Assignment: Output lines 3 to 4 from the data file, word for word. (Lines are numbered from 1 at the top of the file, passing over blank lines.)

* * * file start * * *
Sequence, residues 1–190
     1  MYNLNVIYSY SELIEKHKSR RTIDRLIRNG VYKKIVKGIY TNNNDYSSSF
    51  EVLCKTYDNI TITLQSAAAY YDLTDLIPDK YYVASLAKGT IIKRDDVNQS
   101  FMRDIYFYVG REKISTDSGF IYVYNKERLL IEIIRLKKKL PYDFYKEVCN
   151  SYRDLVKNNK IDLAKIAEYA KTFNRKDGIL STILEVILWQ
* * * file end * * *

    51  EVLCKTYDNI TITLQSAAAY YDLTDLIPDK YYVASLAKGT IIKRDDVNQS
   101  FMRDIYFYVG REKISTDSGF IYVYNKERLL IEIIRLKKKL PYDFYKEVCN